The CDC states that “Body Mass Index (BMI) is a person’s weight in kilograms divided by the square of height in meters.” (1) A person's BMI is a way to screen for health problems. Although it is not diagnostic of the body fatness or health of an individual it is a great way to see if changes need to be made in one's lifestyle. Many people do not realize where they fall on the BMI chart and once they find out they are surprised they have a higher number than they thought. As Americans we live a fast paced, high stress lifestyle which increases our cortisone production which in return increases our body weight. We also have habits of eating our emotions rather than eating to fuel our bodies.
The table below shows weight status categories associated with BMI ranges for adults 20yrs and older and is for men and women for all body types and age.
BMI Weight Status
Below 18.5 Underweight
18.5 – 24.9 Normal or Healthy Weight
25.0 – 29.9 Overweight
30.0 and Above Obese
It's important to know that BMI is individualized, even though two people may have the same BMI it does not mean their body fat is the same. There are many factors that play a role such as age, gender, ethnicity and athletic status.
As adults obesity plays a huge role in your overall health. Below is a list from the CDC of conditions that one has an increased risk of when obese.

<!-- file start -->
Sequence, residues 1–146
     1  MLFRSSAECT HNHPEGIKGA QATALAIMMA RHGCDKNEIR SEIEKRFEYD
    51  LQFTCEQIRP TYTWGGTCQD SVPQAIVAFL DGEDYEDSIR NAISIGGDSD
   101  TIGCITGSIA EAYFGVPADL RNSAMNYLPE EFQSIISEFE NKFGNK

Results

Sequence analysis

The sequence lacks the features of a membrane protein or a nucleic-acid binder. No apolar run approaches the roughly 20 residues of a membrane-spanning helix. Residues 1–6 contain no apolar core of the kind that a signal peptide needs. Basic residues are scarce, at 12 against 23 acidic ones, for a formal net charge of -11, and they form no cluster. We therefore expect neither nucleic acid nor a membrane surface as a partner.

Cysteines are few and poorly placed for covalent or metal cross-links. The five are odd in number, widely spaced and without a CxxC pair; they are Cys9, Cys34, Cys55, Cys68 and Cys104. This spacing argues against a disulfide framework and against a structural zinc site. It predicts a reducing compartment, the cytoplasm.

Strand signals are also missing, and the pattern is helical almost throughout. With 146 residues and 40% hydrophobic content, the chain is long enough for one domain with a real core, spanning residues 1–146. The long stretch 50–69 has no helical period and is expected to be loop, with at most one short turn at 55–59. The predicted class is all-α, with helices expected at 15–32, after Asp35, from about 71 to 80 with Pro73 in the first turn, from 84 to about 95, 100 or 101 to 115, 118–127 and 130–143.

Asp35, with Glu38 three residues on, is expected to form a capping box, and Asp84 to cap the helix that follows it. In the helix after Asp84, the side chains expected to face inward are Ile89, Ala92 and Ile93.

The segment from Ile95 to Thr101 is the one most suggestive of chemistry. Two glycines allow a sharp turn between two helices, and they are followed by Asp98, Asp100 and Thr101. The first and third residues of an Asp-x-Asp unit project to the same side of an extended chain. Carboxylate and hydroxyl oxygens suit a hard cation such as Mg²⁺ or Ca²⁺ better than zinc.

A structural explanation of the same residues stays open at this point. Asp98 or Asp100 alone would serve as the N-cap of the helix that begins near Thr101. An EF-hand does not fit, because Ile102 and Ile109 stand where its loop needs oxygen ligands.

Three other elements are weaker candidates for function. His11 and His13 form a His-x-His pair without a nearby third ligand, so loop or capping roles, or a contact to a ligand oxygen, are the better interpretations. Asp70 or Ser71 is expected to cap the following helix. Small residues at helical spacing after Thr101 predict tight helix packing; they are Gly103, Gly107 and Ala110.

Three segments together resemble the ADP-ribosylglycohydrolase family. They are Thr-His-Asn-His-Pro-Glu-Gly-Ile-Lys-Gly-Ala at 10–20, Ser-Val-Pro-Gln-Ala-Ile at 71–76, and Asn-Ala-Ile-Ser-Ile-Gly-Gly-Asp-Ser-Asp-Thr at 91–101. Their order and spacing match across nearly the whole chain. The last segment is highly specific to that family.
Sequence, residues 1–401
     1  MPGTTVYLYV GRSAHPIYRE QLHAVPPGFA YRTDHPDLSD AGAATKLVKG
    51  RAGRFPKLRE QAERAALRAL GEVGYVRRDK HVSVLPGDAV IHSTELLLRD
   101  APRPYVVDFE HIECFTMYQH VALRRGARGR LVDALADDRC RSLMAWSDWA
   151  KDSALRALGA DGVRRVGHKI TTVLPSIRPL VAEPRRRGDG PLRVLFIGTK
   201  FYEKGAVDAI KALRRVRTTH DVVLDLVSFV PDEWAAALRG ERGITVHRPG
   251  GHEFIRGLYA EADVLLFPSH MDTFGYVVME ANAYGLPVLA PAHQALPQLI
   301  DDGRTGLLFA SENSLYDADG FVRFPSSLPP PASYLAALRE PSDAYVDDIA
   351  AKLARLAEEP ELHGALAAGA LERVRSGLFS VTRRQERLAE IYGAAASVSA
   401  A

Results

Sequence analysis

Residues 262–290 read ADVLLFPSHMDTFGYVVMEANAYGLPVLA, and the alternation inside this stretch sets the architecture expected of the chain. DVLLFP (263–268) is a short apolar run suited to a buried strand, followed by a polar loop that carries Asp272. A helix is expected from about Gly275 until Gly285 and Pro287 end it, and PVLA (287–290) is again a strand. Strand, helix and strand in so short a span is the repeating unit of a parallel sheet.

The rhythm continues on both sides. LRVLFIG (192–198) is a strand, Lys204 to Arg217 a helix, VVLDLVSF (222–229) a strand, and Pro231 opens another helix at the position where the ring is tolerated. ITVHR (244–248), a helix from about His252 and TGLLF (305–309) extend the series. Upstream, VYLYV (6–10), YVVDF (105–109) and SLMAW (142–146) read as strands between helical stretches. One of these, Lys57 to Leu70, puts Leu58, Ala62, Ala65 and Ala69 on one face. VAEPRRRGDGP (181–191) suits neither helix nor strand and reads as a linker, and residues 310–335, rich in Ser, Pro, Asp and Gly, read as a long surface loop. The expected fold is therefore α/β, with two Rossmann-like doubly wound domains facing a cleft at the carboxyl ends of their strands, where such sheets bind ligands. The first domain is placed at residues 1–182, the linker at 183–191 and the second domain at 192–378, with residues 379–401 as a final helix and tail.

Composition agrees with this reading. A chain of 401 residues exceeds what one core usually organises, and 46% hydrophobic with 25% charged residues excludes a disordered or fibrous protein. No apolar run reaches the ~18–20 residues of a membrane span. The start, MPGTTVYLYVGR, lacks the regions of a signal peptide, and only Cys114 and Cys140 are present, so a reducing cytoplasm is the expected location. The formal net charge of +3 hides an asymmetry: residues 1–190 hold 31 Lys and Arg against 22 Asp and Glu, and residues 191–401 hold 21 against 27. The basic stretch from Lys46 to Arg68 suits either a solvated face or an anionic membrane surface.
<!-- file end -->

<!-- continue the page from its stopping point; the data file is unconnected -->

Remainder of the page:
All-causes of death
High blood pressure
High LDL cholesterol, low HDL cholesterol, or high levels of triglycerides
Type 2 diabetes
Coronary heart disease
Osteoarthritis (a breakdown of cartilage and bone within a joint)
Sleep apnea and breathing problems
Chronic inflammation and increased oxidative stress
Some cancers (endometrial, breast, colon, kidney, gallbladder, and liver)
Low quality of life
Mental illness such as clinical depression, anxiety, and other mental disorders
Body pain and difficulty with physical functioning
For children and teens, BMI is not a diagnostic tool. Instead it is used to screen for potential weight and health-related issues. This is because children and teens are constantly having changes in weight and height with age, as well as their relation to body fatness. It's important to know that BMI for children and teens can also be used to diagnose being underweight which can put one at risk for health issues.
Children's growth in the United States is measured by percentile. This table below shows the different BMI categories for children.
Weight Status Category Percentile Range
Underweight Less than the 5th percentile
Normal or Healthy Weight 5th percentile to less than the 85th percentile
Overweight 85th to less than the 95th percentile
Obese Equal to or greater than the 95th percentile
It's important to be aware of childhood obesity as it not only affects them now, but affects them later in life too. Below are the current health risks of now and later according to the CDC.
Health risks now
High blood pressure
Increased risk of impaired glucose tolerance (Diabetes)
Breathing problems (sleep apnea, and asthma)
Fatty liver disease, gallstones, and heartburn
Depression, behavioral problems, and issues in school.
Low self-esteem and low self-reported quality of life.
Impaired social, physical, and emotional functioning.
Health risks later
Obese children are more likely to become obese adults.
Obesity in adulthood is likely to be more severe, due to childhood obesity.
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